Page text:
The government has acknowledged the need for more certainty and detail around how the FiT CfDs would function. However, the government has yet to unveil further information about the proposal.

Emissions Performance Standard
An Emissions Performance Standard (EPS), set initially at 450g CO2/kWh per annum, is to be introduced at baseload. The EPS will serve as a cap on the carbon dioxide that new fossil fuel power stations (apart from carbon capture and storage demonstration plants) can emit. It is expected that the EPS will come into force in mid-2013.

The EPS aims to prevent the most carbon-intensive (i.e., unabated coal) power stations from being built.
It will be subject to regular reviews to monitor its impact and to consider whether the EPS should be modified. The government has indicated that any changes in the level of the EPS will not apply to plants consented to under the framework for a specified period.

Capacity Mechanism
Ensuring the security of the United Kingdom’s energy supply is one of the government’s key challenges for the future. This is critical given that approximately one-quarter of existing generation is scheduled to close, and that a significant proportion of new generation (e.g., wind) will come from potentially intermittent and less flexible sources.

A capacity mechanism is being considered, including demand response as well as generation, to address these concerns. The government is seeking further views on the type of mechanism required and will report on this around the end of the year.

In the 2011 Budget, the government announced that it would introduce a carbon floor price to take effect on 1 April 2013.

With regard to FiT CfDs, it is envisaged that primary legislation will be presented to Parliament in 2012. FiT CfDs will be developed and finalised during 2012-2013, and the first contracts will be signed in mid-2014.

The EMR White Paper includes a reassurance that the government “supports the principle of no retrospective changes for low-carbon investments.” In view of this, there will be a programme of detailed transitional arrangements to help ease the transition to the new arrangements.

New Institutional Framework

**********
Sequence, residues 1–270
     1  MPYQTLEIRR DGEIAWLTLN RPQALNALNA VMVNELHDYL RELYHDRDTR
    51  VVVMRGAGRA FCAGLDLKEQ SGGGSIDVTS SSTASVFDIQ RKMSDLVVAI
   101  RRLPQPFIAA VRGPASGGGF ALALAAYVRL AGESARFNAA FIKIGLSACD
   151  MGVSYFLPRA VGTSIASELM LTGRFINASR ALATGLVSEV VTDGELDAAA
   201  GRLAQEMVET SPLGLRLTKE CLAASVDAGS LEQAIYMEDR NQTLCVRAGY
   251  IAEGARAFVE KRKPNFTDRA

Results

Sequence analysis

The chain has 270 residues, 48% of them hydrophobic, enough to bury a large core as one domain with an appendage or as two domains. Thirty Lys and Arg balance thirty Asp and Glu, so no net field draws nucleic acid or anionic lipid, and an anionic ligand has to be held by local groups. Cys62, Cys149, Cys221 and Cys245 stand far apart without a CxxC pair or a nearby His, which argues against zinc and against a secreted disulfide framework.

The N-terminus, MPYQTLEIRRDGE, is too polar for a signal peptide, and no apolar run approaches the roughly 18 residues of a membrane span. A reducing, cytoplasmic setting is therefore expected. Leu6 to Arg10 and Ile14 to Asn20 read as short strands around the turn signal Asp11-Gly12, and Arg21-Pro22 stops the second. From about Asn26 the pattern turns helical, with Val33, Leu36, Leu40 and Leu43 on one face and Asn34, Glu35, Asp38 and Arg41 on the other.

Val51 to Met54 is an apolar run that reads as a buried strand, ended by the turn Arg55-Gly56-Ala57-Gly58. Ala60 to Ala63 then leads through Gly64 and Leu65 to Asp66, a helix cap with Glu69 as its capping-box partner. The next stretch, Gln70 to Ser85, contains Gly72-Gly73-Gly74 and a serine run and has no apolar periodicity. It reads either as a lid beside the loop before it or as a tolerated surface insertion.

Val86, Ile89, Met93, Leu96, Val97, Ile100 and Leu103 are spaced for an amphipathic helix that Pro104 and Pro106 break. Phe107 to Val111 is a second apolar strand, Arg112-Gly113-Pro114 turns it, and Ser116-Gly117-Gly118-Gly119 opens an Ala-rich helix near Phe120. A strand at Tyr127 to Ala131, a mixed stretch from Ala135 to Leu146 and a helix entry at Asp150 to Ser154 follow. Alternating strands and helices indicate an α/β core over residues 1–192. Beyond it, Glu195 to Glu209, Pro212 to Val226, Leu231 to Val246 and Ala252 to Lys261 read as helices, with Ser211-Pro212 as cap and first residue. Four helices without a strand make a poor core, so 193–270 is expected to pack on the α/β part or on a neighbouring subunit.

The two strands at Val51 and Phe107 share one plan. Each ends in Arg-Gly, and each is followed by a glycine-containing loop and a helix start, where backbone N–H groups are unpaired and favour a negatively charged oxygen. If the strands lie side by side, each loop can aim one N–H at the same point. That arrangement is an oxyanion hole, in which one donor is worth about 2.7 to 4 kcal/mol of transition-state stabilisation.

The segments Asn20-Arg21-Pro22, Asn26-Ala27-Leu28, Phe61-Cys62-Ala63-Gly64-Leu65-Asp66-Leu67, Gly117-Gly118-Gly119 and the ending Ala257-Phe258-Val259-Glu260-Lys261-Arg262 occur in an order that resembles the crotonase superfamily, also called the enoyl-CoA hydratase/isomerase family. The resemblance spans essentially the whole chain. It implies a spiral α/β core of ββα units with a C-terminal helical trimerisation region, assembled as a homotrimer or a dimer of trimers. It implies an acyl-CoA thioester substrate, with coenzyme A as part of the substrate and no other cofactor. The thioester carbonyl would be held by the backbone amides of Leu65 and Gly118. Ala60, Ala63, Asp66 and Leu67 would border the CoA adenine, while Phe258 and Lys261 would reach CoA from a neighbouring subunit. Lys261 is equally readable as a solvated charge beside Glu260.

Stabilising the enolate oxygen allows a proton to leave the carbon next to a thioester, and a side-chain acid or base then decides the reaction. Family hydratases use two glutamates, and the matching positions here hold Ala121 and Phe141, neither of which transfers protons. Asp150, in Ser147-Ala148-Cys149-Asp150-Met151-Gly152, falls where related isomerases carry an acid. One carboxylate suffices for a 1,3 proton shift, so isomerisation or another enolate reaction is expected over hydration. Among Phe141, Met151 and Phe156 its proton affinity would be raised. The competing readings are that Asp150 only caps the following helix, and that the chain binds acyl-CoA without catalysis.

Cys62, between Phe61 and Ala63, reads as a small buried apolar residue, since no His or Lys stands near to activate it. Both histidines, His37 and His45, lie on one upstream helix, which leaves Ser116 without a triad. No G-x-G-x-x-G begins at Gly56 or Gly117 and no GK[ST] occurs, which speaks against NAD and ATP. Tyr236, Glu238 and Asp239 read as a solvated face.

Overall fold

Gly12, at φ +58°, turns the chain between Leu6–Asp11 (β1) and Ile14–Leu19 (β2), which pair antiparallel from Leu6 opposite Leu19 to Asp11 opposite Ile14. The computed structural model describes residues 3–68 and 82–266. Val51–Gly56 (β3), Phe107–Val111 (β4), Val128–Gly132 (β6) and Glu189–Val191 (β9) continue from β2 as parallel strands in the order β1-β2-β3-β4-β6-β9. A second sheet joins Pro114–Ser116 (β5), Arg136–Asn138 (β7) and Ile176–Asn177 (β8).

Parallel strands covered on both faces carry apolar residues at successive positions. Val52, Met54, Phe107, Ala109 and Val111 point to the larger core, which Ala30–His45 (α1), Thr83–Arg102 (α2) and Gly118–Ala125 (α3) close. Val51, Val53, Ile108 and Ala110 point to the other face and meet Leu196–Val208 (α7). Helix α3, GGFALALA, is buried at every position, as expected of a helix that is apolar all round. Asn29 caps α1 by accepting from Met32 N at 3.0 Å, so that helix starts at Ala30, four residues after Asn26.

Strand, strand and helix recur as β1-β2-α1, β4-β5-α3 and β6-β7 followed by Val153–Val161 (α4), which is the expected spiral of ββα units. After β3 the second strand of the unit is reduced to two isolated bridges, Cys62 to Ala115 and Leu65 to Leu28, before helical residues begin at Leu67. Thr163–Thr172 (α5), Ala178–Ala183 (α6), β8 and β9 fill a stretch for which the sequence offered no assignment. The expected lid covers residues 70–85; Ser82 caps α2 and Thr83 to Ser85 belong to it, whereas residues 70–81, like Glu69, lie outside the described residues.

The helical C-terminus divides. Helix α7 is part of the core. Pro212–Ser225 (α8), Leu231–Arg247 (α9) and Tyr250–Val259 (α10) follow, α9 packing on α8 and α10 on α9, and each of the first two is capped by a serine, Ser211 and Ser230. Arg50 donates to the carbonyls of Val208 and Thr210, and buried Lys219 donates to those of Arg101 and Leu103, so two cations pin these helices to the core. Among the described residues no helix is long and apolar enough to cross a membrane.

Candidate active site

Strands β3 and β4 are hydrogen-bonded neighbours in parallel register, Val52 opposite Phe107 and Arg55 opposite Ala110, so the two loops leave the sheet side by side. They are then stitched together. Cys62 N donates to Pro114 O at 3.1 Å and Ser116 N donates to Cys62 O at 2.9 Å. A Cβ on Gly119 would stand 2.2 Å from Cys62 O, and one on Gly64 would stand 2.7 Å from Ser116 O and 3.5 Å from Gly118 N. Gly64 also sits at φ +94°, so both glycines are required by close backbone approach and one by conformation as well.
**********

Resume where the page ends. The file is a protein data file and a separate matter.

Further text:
Details of the institutional framework supporting the electricity-market reform project are still to be clarified. These include whether there will be a new authority to oversee the area. A decision on which organisation will be responsible for delivery of the FiT CfDs is expected around the end of 2011, once the capacity mechanism design has been decided. The government will also need to ensure that legislation implementing the EMR reforms is consistent with the wider, ongoing process of EU electricity-market integration and liberalisation.

Key Challenges
It is clear that the White Paper represents a massive shift in UK energy policy. Indeed, the government is still working on the detail associated with these changes. That said, the following themes are emerging:

  • The scale and urgency of investment required in new low-carbon generating capacity in the United Kingdom is unprecedented. What investors want, above all, is clarity and predictability. Paradoxically, the need to spur investment has resulted in a wholesale policy shift: with the abolition of the United Kingdom’s main renewable incentive—the Renewables Obligation—and its replacement with a wholly new mechanism, the FiT CfD. Not only is there a shortage of detail on this key proposal, but implementing it (and its consequent need for new institutional arrangements) will be no mean feat.
  • In an attempt to allay concerns over policy certainty, the White Paper makes clear that incentives under the existing regimes will be protected for plants that have already been commissioned. This principle will also apply moving forward so that investors will be insulated against future policy changes. The precise way in which “grandfathering” and, in the case of the Renewables Obligation, “vintaging” will work, however, has not been determined.
  • The changeover from the Renewables Obligations to FiT CfDs may, depending on the particular drafting, trigger change-in-law provisions in existing Power Purchase Agreements or finance documentation. Investors in existing projects should be checking this now.
  • The White Paper makes clear that the level of support available under the FiT CfD is fiscal expenditure and, thus (subject to grandfathering), will be subject to the short-term consideration of Budgets and Spending Reviews.

Planning for the Future
At the start of his leadership, Prime Minister David Cameron said he wanted the coalition administration to be “the greenest government ever.” The last year has borne witness to this goal to the extent that the White Paper on Electricity Market Reform is only one of a myriad of policy papers and commitments issued in this sphere.

It is clear that further development of the Electricity Market Reform proposals is eagerly awaited by investors and businesses, for whom there is considerable work ahead in responding to the opportunities and challenges presented by the new regime.